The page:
The Magician King by Lev Grossman
My rating: 2 of 5 stars
I really enjoyed The Magicians, but this one didn’t really do it for me. I’m not sure what it was. It seemed to drag and jump about and left red herrings (Janet, The Order, Penny). Grossman used too many words, I think, and that diluted the potential punch of the story. There were some parts that were clearly supposed to be really poignant, but they were obscured by so much internal monologue on the part of the characters that I just didn’t feel the impact. I expected to be bludgeoned (emotionally speaking) and instead got whacked with a foam mallet.
“Quentin had always felt that way but now he felt this way. It pained him to feel this way. Frankly, he felt pissed. But, that’s what he signed up for…” That kind of thing. That’s not a direct quote, by the way, just my paraphrasing. Grossman’s writing isn’t that bad (it’s not bad at all, really…it’s just not as awesome as it was in the first book), but that’s kind of the feeling I got while reading.
I don’t mean for this to be a negative review, and there were parts I enjoyed. It’s possible, too, that I picked this one up too soon after Gaiman’s American Gods and Jemisin’s The Hundred Thousand Kingdoms, both of which dealt with similar issues of mortals interacting with gods and attaining “god” status themselves. Maybe if I’d read this one first, it would have held a little more oomph for me. As it was, though, I’m just kind of glad to be done with it.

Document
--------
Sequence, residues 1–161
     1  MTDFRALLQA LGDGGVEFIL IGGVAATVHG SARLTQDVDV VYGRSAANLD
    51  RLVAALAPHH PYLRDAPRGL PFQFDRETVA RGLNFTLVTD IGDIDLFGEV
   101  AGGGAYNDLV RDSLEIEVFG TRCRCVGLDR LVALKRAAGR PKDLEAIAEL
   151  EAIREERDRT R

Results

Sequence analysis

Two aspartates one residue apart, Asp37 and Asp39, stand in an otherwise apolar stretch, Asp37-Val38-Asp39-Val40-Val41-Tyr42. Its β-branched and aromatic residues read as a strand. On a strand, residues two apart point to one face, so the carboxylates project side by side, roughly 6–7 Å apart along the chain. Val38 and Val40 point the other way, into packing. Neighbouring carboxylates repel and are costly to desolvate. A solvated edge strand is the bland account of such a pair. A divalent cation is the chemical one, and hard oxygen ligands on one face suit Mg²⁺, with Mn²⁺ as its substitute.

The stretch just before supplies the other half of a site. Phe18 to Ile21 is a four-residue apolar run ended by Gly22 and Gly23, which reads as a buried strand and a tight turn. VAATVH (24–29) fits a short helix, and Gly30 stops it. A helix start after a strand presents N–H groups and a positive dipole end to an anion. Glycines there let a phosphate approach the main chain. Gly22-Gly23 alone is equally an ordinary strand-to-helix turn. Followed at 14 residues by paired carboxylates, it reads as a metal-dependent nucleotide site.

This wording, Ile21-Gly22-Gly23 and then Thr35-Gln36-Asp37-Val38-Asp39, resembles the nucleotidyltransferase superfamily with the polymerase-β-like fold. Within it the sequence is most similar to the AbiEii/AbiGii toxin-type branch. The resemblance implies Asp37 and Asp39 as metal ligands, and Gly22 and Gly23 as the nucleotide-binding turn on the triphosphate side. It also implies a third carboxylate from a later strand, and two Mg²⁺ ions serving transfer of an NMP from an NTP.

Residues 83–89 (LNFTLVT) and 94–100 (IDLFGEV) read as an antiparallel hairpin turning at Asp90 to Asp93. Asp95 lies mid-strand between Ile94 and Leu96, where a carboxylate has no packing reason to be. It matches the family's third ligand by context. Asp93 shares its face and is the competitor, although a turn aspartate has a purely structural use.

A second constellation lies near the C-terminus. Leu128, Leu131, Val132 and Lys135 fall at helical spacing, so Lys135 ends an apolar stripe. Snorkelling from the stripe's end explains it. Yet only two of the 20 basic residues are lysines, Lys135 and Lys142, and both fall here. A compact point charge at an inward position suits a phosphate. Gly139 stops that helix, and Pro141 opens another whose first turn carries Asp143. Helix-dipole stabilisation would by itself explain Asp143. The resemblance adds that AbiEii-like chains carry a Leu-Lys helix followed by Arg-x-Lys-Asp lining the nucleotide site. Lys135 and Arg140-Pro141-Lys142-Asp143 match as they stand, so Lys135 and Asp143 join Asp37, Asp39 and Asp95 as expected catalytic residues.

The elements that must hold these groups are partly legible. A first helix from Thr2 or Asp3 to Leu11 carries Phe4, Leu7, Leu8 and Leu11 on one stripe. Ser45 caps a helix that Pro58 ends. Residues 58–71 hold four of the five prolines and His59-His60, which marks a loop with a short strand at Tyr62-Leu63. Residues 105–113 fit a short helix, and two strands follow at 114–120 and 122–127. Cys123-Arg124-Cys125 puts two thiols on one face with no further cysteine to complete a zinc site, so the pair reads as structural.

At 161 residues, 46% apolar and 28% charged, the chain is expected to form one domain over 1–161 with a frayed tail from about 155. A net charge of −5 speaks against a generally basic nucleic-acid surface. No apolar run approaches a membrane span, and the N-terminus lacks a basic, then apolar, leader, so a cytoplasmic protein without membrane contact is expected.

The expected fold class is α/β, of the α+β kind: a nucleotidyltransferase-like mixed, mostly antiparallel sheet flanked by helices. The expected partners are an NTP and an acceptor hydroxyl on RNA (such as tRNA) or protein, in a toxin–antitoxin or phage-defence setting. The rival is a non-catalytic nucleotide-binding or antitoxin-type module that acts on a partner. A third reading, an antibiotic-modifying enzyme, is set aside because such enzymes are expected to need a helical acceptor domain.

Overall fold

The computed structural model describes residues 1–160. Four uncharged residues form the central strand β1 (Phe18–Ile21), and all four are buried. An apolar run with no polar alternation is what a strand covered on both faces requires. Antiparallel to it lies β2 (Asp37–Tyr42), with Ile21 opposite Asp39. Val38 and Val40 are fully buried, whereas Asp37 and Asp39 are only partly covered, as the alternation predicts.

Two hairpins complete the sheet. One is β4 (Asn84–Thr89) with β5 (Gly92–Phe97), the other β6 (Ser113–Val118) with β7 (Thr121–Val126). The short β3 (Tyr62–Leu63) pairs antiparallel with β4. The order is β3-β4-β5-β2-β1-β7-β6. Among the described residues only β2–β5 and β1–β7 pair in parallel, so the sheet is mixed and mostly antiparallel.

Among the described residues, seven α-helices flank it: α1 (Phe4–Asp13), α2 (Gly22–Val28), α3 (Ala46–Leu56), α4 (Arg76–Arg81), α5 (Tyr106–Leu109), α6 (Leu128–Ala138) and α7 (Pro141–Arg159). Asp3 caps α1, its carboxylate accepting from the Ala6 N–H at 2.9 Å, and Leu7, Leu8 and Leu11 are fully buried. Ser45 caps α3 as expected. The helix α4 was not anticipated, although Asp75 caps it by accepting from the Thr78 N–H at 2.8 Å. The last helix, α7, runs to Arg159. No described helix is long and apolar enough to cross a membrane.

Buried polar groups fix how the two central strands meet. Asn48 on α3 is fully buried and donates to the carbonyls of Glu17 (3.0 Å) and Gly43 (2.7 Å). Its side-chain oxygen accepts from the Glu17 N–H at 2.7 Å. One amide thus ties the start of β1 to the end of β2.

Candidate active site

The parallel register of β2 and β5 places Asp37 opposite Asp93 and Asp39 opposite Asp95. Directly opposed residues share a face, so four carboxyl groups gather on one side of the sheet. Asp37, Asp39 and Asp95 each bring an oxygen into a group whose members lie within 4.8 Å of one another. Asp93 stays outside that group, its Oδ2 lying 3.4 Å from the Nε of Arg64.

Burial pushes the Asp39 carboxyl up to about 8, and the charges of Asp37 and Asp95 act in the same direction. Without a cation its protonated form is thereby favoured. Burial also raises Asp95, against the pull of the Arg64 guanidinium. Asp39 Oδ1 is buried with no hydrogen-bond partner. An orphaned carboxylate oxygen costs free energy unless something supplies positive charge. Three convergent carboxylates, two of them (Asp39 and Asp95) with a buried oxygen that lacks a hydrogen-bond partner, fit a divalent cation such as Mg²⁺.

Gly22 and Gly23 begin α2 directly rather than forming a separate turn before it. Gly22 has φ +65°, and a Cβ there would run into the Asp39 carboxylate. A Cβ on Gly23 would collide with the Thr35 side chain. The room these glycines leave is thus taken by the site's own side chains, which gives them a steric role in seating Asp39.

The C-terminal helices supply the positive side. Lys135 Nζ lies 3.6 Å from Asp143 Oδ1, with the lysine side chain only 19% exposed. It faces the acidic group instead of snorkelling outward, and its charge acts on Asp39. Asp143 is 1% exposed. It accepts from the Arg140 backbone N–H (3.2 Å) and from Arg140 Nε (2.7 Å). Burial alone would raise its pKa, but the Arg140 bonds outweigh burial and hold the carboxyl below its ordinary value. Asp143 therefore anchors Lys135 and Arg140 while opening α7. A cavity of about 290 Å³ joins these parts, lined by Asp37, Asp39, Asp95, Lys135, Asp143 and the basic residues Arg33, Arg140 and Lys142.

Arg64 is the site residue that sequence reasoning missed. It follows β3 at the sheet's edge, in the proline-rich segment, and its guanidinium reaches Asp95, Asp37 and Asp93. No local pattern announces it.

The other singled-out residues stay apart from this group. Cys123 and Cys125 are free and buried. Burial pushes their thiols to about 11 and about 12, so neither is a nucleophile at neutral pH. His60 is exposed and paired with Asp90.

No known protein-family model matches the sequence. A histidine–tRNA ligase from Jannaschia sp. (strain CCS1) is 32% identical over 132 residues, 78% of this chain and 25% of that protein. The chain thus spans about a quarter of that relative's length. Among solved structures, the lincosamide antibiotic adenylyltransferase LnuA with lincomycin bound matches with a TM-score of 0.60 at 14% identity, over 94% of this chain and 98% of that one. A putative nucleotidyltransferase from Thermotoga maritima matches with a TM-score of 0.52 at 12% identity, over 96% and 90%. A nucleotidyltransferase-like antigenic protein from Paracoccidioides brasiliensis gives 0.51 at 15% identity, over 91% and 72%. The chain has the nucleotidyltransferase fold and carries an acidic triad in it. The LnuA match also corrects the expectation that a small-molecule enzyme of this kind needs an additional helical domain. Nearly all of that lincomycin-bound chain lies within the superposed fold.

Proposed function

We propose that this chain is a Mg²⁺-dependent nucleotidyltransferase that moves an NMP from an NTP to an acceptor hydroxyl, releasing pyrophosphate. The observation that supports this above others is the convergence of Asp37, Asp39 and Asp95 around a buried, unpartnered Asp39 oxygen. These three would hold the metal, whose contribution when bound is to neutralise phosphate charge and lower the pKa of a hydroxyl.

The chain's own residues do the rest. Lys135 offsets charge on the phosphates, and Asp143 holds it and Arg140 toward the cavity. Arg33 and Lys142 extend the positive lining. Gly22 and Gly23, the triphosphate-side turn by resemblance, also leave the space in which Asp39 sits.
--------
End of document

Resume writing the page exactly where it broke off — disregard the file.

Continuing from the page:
Now I need to take it back to the library so Lev Grossman’s author photo on the book jacket stops looking at me reproachfully. I’m sorry! I just didn’t really like it! I don’t like Curtis Sittenfeld’s books either, if that’s any consolation.
5 Replies to “An Apologetic Book Review: The Magician King by Lev Grossman”
First off, thanks for your review–I look at the raves for this, and feel very out-of-step. It’s not the words, in my view–I don’t sense a big stylistic difference between this and “The Magicians”–but, without spoilers, the ending is unbelievably downbeat, and it feels forced. Books, movies, TV series–all have to earn happy endings, but unhappy endings must also be earned. The Wire, for example, earns the unhappy endings of season 4, and the mixed/unhappy ending of season 5. The Magician King set itself up to redeem Quentin, and then Grossman had to keep hammering us over the head of how this was different, this was REAL magic book and by god, that’s going to be an unhappy ending. Somehow, what worked perfectly in “The Magicians” no longer worked in “The Magician King.” Minus additional points for a too-similar climax (one character’s story is very, very similar to how things go in The Magicians), a seriously problematic and gratuitous scene (same character, same climax), and yes. An almost-brilliant book spoiled by a too-horrific climax and a too-downbeat ending. One senses Grossman read *too* much George R.R. Martin.
I love book reviews.
And you just reminded me that I have had Neil Gaiman’s American Gods for years and haven’t started it.
The lines you quoted would have totally bothered me too.
I need to clarify that…those are my “poking fun at The Magician King” made-up lines. That’s not an exact quote, just a paraphrase of a section (or a couple of sections). If I ever publish a novel, I fully expect some annoying blogger to do the same to me. 🙂
oops! Sorry, I missed that. But nothing would surprise me anymore. I can’t believe some of the things that get published!